New Paltz Rural Cemetery will host fourth annual Day of Remembrance on November 1

Pattie Steffens places flowers on her daughter’s grave at the New Paltz Rural Cemetery. (photo by Lauren Thomas)

Pattie Steffens places flowers on her daughter’s grave at the New Paltz Rural Cemetery. (photo by Lauren Thomas)

The fourth annual Day of Remembrance to be held at New Paltz Rural Cemetery this Sunday, November 1 is intended to give everyone in the community a place to come together for solace on a day that many cultures throughout the world remember their loved ones who have passed, says Pattie Steffens, organizer of the event. “It’s really just about fond memories, and lovingly remembering those who are gone who don’t have a Veterans Day or a Memorial Day set aside to remember them.”

Readers contemplating attending the event may wonder: Is this something where I’ll be asked to speak about my loved ones or make some kind of statement? Not at all, Steffens says; the event won’t involve any speeches or ceremonies and it won’t be sorrowful or religious in nature. And despite it being held on November 1 to coincide with Dia de los Muertos (Day of the Dead) — recognized throughout the world with lively festivals to celebrate the departed — it’s not intended as a party, either.

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What it will be is simply a time set aside in a beautiful place to casually gather with friends and remember all the loved ones we’ve lost from our lives who are still important to us. People can come and stay for five minutes of quiet reflection and then leave, or they can visit with others and stay a while to enjoy the music and refreshments, says Steffens. She’d also like people to know that they don’t have to have a loved one buried at the Rural Cemetery to attend; all are welcome.

Live music will be provided by singers and musicians Evelyn Schneider, Roger Weiss, Buffy Lewis, Stephen O’Shea and Katie Weston, all of whom have donated their time to be there. Their acoustic performances will be informal.

Food for the event has been donated by Mexicali Blue and Wallkill View, Apple Hill and Dressel farms.

Fresh flowers have been donated by Colonial Florist, Stop & Shop and ShopRite. The flowers are there for everyone who attends; they can be placed on the gravesites of loved ones buried at the cemetery or taken home to be put in a vase in remembrance of someone special. If somebody has family buried in another cemetery nearby, they might even wish to take an extra bloom or two to decorate that grave.

The event begins at 1 p.m. and everything is free of charge.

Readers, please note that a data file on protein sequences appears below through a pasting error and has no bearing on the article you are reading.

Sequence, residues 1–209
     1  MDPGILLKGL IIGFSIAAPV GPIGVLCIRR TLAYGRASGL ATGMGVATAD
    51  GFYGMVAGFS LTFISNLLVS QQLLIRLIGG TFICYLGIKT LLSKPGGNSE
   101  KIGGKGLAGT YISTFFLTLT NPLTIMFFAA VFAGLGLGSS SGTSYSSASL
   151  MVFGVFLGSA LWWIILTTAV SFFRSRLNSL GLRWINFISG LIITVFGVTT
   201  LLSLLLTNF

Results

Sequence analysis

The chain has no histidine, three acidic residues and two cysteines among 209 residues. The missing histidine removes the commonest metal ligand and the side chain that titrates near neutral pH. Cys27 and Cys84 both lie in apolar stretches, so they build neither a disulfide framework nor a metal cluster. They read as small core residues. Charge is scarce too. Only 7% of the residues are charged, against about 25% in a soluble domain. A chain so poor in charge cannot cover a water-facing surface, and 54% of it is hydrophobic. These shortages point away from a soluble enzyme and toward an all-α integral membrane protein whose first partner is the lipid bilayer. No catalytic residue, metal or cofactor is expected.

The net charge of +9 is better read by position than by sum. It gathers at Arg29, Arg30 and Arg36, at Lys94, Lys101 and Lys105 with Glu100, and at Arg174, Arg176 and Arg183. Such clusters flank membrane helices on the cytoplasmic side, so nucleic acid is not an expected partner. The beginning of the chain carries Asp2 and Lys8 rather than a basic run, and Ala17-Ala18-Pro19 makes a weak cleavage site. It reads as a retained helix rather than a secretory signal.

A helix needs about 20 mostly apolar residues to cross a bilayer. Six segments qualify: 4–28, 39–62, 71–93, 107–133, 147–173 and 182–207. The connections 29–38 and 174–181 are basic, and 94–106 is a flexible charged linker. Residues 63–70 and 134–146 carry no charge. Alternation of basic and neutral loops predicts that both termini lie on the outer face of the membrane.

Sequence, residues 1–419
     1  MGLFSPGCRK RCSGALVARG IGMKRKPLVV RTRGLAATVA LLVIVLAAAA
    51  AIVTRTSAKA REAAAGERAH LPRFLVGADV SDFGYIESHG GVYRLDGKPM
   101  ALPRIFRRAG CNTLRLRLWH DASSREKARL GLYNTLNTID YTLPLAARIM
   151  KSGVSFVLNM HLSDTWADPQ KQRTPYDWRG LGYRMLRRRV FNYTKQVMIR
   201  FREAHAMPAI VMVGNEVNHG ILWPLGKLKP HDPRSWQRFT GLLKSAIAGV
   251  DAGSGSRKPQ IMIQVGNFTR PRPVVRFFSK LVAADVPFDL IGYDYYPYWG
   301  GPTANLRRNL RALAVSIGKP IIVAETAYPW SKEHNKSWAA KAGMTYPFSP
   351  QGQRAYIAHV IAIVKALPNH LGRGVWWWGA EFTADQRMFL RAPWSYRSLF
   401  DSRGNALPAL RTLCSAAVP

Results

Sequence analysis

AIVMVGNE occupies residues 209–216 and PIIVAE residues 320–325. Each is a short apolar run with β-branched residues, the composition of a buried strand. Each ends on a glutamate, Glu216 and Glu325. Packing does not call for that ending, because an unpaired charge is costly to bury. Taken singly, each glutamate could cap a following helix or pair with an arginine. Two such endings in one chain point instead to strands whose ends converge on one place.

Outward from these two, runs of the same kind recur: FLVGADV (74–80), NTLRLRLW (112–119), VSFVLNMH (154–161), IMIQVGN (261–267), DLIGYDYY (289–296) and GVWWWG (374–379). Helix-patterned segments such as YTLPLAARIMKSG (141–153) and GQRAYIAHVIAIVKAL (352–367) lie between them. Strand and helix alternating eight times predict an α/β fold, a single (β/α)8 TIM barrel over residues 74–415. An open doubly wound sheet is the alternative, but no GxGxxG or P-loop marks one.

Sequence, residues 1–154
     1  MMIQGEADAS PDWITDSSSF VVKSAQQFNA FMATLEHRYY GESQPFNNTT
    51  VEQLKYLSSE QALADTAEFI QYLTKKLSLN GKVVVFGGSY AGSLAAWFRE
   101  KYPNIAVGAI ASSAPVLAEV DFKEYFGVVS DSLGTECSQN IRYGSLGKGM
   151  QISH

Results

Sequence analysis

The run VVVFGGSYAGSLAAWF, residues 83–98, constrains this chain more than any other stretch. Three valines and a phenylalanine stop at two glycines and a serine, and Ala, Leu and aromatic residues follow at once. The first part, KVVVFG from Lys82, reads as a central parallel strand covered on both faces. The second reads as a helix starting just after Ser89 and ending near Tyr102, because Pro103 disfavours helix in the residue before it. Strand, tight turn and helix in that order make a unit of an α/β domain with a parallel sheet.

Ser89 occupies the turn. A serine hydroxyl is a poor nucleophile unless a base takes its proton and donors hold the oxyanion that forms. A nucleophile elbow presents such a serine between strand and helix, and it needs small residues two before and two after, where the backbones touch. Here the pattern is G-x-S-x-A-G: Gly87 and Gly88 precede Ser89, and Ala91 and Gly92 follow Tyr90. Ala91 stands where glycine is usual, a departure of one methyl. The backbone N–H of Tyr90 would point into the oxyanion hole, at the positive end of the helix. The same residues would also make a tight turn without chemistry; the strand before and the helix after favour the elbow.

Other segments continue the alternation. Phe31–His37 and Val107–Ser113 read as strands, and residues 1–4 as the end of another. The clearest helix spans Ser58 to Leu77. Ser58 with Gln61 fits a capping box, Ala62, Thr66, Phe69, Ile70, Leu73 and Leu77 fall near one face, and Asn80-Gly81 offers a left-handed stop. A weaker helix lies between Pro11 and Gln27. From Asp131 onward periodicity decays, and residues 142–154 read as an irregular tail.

Steffens says she would love to see November 1 become a recognized day of remembrance everywhere. As the years go by and more people we love pass away, it can be complicated to remember all the exact dates they died. Having one day set aside to remember all of our loved ones and doing it on the same day that so many other people in the world are honoring their dead struck a chord with Steffens, especially after she started reading up on not only Day of the Dead ceremonies worldwide but the many countries that honor their departed at this time of year with flowers and candles.

She began organizing the event several years after becoming a board member of the New Paltz Rural Cemetery. Steffens volunteered for the position after losing her daughter, Alicia Quintana, eight years ago. “After my daughter was buried there, it became another place that I wanted to be,” she says. “And one I wanted to help and support.” Organizing the Day of Remembrance events became a means to reach out to others. “I’m just a retired foreign language teacher who has loved every bit of life and teaching, and have gone through all this grief and just want to help others handle theirs.”

Steffens is also inspired by family members who have created their own way of remembering. Her daughter-in-law creates a centerpiece on the dining room table every year, placing items like jewelry or a recipe card from a loved one who has passed away. It’s not a shrine, explains Steffens; just a beautiful changing display that allows the family to talk with the kids about their relatives who have passed. “She can tell them, ‘This was my grandmother’s necklace and she was wonderful.’ Some of the children were born after the people died and never knew them, but this brings them close and gives them a little family history lesson on November 1.”

The New Paltz Rural Cemetery is located at 81 Plains Road in New Paltz.

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